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Children & Child Custody

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Kinship carers not adequately supported

The charity Family Rights Group has warned that family and friends carers are not receiving adequate support from local authorities to help them raise some of the country's most vulnerable children.

When children are unable to live with either of their parents, official guidance stipulates they should be enabled to live with a member of their extended family or social network, provided this is feasible and in the child’s best interests. Yet one of the largest series of studies to date, by Family Rights Group, in partnership with Oxford University’s Centre for Family Law and Policy, has uncovered a major lack of support for family and friends carers or ‘kinship carers’ and the estimated 250,000 children living with them.

The study found that 45% of English local authorities had not published a family and friends care policy, despite being required by the government to do so by the end of September 2011.

The study also found that 76% of carers surveyed felt they did not have enough understanding of the legal options and the implications for the level of support they would receive to make informed decisions. These options include:

  • An informal arrangement with the parents’ agreement.
  • A court order obtained by the carer (a Residence Order or Special Guardianship Order), giving the carer parental responsibility for the child. The local authority has the discretion to pay an allowance to the carer.
  • The child is looked after by the local authority and placed with the friend or relative who has been approved as a foster carer for the child. The carer does not have parental responsibility, which is either solely with the parents (if the child is in their care with their agreement) or the local authority also has parental responsibility if there is a care order for the child. The carer is entitled to receive a fostering allowance from the local authority.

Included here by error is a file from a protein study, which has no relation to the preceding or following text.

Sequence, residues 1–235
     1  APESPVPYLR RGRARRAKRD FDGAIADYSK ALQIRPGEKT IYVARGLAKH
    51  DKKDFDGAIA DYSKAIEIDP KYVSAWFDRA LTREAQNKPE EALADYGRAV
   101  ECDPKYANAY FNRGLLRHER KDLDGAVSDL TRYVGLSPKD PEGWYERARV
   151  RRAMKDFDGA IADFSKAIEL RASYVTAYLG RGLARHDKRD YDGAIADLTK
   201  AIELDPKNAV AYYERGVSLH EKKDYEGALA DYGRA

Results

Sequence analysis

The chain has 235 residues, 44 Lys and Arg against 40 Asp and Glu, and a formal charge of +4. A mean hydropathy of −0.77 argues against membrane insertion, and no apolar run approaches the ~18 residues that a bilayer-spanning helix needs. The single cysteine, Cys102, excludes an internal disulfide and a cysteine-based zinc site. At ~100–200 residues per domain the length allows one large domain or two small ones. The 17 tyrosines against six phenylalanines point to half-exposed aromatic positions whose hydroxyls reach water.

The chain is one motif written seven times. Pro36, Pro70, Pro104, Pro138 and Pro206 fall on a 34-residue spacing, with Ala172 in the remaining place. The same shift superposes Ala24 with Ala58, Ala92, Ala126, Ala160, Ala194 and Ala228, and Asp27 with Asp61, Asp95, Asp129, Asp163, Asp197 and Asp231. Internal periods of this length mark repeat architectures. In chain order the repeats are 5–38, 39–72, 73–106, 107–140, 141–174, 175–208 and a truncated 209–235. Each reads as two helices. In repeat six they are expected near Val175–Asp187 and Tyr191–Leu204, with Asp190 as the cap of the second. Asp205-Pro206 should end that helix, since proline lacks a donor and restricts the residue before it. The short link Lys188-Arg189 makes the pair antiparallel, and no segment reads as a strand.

Family Rights Group chief executive, Cathy Ashley, said: “Family and friends carers gain a lot of love and satisfaction from their role but it often has significant personal, mental and financial costs, which are exacerbated by the lack of support from local authorities.

“We know that the system simply cannot cope with the increasing numbers of children going into care – there’s a shortage of foster carers and there are huge delays in the court system. Consequently many children end up going through multiple moves, which can have a devastating impact on their lives.

“Councils’ failure to help and support people through the legal minefield when they are raising children that would otherwise be the authority’s responsibility is a dereliction of duty. The consequence is that carers, and, by direct implication, the children, are denied the legal, financial and practical support they are rightly entitled to.”

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